This will be the website where I will publish my precision cut gems made for jewelry and available for purchase. Currently, it is still under construction.
The process or faceting of a custom cut gem has several steps, explained below.
- Selecting of gemstone rough
This step requires a lot of gemological knowledge and also faceting experience. High quality gem rough is very expensive and any mistake can derive in serious economic losses. Many decisions have to be made on this stage, to decide the best orientation of the future gem inside the crystal, and to estimate its expected weight, color and clarity.
- Choosing or creation of the faceting design
It is a very creative process, were we choose the general shape of the future gem, the style of cutting (step cut, brilliant, mixed, etc) and the distribution of individual facets. There are many published designs for precision cutting available online, but new designs can also be created with special computer programs, such as GemCad and Gem Cut Studio.
Faceting designs can be easily exported as DXF or STL files and used in jewelry CAD programs, to create an appropriate mounting around the stone.
- Light return optimization
This is probably the main difference between commercial cutting, done mostly to save maximum weight of the stones, and precision cutting, were sometimes we have to loose some more weight to be able to produce a gem with correct symmetry and proportions that will provide maximum brilliance and beauty.
Fortunately, nowadays, special computer programs can be used to see the future gem on the screen and adjust the angles of the cut for the maximum light return. So the faceter doesn’t need to make test-cut stones for the new design, we can just modify the angles and other parameters on a computer screen and observe how the stone changes, searching for the optimum proportions.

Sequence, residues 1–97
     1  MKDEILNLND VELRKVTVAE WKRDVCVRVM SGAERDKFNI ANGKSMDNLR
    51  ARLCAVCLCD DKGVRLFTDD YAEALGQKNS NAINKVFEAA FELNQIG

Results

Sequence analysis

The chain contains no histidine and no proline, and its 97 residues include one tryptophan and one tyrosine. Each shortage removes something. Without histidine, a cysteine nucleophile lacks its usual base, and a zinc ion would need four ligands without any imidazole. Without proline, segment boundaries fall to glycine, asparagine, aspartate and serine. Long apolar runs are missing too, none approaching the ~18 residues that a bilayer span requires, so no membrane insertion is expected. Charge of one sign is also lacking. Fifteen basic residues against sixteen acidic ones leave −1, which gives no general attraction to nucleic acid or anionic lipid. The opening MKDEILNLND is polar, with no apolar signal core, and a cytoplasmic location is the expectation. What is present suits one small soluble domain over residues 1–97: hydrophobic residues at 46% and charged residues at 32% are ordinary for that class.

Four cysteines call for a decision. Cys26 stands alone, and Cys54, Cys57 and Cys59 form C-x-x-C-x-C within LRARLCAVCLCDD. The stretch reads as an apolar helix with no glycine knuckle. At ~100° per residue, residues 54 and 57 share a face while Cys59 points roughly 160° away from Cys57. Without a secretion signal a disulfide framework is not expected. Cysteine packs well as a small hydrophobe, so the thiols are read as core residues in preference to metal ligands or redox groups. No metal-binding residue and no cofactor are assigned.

- Faceting process
Now we are ready to cut the stone! Precision faceting process is much slower than the commercial cutting. A worker at a cutting factory can produce dozens of stones a day, while precision cutting requires hours and sometimes even days of work for each stone. But the result is really worth it!
The stone is first glued to a brass stick called dop, which is introduced in a precision faceting machine, operated manually to adjust the exact position for cutting and polishing of each facet.
Special attention is given to the symmetry of facets and to their meet-points, and also to the polish quality of each facet. Sophisticated alloys and ceramic polishing laps, used with oxide or diamond polishers, make it possible to get flat facets with a perfect polish on different types of gems.